October's heavy rains, caused by Hurricane Keith, further exposed the vulnerability of rural populations, which have yet to recover from the devastation of Hurricane Mitch. Mitch struck in October 1998, causing damage of at least $1.4 billion. In many places, the rebuilding of homes, bridges, and roads is still incomplete. And this year, the rain was preceded by drought.
Many of the country's NGOs believe a solution lies in cancellation of the country's external debt. According to the Nicaraguan Central Bank, the debt stood at $6.5 billion in May 2000—the largest in Central America and one of the highest per capita in the world. Jubilee 2000, the global campaign for debt cancellation for developing countries, calculates that, in 1999, Nicaragua spent $65 per person on debt repayment, but only $35 per person on education and health.
The government has completed the interim Poverty Reduction Strategy Paper (PRSP) that must be submitted to the World Bank and the International Monetary Fund before a country can qualify for debt relief under the HIPC (heavily indebted poor countries) initiative. But many civil society organizations are not satisfied with the paper's contents. They argue that their voices have not been represented, even though governments are required to consult civil society when drawing up these documents.
The GPC is putting together an alternative PRSP, which it believes will reflect more accurately the interests of ordinary Nicaraguans. “If Nicaragua doesn't reach a true national plan, we'll just continue to get further into debt, and our problems will deepen,” argues Carlos Benavente of the GPC. According to Oxfam, the structure of Nicaragua's debt means that it is unlikely to be reduced by more than half under HIPC. Yet an IMF/World Bank report of September 2000 stated that Nicaragua's debt must be cut to $1.25 billion to be financially sustainable. Another problem is the timing of the process. Nicaragua should enter the first stage of the HIPC initiative in the next few months, but many NGO workers are concerned about the proximity of next year's presidential election. They fear that Aleman could hijack debt relief for his own political ends.
With the municipal elections now out of the way, politicians and party workers can get down to the job of choosing candidates for the presidency. In an attempt to clean up its image, the FSLN recently joined forces with Social Christian Unity, the party headed by former Comptroller General of the Republic Agustin Jarquin. Jarquin is widely respected for his efforts to fight the country's widespread political corruption, and resigned from his position on the governmental auditing body in June in protest at what he regarded as political meddling. Victor Hugo Tinoco, a leading FSLN politician who is also a favorite contender for the party's presidential candidacy, pointed to a poll of supporters held shortly after the alliance was sealed that put Jarquin well ahead of long-time FSLN party leader Daniel Ortega: “This shows that people want someone who is distanced from the traditional leadership…. This alliance is good for both parties, but especially for the FSLN in terms of its anti-corruption image.” There has also been speculation that the PLC could join forces with the Conservative Party in order to ward off the FSLN.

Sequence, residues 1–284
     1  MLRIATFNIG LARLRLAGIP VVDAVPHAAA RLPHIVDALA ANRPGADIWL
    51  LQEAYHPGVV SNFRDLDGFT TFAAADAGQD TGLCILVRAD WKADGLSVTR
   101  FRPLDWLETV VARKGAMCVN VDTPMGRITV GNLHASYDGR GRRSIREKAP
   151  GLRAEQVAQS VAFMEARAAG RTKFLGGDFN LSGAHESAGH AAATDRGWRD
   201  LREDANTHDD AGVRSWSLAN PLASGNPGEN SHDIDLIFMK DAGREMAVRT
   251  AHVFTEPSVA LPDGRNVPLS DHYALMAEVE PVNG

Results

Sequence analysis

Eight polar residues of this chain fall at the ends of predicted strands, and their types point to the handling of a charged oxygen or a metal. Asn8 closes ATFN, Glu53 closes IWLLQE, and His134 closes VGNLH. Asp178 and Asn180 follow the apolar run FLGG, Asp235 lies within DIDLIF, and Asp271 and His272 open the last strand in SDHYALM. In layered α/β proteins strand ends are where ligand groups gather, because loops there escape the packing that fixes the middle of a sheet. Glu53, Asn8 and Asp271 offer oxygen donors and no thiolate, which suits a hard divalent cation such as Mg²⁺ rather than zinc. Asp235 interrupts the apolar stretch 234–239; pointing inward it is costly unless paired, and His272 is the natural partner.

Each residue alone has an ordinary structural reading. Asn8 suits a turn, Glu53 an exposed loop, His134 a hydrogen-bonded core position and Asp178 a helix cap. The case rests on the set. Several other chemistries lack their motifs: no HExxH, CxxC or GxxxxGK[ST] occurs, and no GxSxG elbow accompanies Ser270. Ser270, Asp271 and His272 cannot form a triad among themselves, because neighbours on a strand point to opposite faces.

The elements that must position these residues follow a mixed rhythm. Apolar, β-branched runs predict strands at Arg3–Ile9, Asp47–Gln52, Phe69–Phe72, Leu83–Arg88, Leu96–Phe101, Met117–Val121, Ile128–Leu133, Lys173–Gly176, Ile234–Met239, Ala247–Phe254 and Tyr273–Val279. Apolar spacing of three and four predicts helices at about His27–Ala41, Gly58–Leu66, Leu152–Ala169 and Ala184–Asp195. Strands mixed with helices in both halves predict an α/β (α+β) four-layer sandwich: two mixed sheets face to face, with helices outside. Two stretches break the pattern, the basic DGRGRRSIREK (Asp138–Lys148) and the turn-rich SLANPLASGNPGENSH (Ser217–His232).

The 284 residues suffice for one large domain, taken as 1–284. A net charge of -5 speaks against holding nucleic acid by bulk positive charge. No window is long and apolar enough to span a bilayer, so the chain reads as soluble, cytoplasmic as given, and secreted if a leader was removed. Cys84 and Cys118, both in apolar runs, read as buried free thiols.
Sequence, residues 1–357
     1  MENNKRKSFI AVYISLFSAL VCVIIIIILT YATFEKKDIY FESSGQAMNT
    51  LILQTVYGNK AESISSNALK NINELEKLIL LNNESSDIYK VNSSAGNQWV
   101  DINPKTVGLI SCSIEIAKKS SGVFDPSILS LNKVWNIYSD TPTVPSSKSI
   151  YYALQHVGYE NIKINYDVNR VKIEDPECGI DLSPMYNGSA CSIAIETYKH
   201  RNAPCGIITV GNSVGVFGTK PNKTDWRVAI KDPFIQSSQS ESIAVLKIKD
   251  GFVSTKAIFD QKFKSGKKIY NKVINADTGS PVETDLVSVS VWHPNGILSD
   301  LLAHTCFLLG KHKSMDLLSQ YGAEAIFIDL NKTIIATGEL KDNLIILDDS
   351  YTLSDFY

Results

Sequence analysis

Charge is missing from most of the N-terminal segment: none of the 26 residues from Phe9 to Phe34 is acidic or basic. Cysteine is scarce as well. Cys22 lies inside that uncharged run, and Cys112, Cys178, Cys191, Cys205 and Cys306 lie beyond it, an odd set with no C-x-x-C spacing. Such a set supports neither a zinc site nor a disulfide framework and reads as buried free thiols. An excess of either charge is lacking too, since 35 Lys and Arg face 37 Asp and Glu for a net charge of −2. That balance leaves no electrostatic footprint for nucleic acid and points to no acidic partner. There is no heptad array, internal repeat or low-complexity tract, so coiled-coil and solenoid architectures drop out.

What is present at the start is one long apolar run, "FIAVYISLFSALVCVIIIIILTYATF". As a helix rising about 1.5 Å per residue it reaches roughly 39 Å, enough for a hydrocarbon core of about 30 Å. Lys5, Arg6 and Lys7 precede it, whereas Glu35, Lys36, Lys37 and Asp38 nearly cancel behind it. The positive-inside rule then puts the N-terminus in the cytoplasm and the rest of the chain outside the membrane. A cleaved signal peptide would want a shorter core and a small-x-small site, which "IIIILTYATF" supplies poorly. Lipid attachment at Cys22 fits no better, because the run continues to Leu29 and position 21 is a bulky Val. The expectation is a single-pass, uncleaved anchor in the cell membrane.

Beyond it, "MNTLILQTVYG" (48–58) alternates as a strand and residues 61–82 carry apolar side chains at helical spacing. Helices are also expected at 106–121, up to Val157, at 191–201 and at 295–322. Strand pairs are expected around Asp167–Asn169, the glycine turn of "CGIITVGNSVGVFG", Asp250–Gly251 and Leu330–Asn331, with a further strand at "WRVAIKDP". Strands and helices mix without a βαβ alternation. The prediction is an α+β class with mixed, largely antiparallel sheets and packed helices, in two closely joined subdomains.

Supporters of smaller political parties are concerned that they will be excluded for not complying with the regulations of the anti-democratic electoral pact concluded between the PLC and the FSLN at the end of last year. Subsequent changes to electoral laws meant that several parties, including a “third-way” alliance, were disqualified from taking part in the municipal elections. Only four national parties were featured on the ballot papers (except on the Atlantic Coast), and Aleman has stated his view that there are only two real choices for voters: the “dark”—the FSLN; and the “light”—the PLC.
The next president faces a tough task. In return for debt relief, it's likely that international financial institutions will continue to demand the implementation of free-market economic policies, leading to further privatization and job losses. But the government will have to make significant efforts to soften the blow and actually reduce poverty if it hopes to retain popular support. An agronomist we chatted with in a Matagalpa restaurant warned that the country is heading towards “a social explosion.” He was working on ways of obtaining credit for small farmers in the area, because the bank that originally fulfilled this role has gone bust. Other banks won't touch this kind of customer, and agricultural pro- ducers are finding it harder and harder to get the money they need for seeds and equipment. Later, walking through town, I saw that the entrance to every bank was closely guarded by security men toting large guns. It will be the responsibility of the next president to make sure that these guns are never fired. Z
Megan Rowling is a freelance journalist based in London and a reporter for Reuters. Her work has appeared in the Guardian and the Times.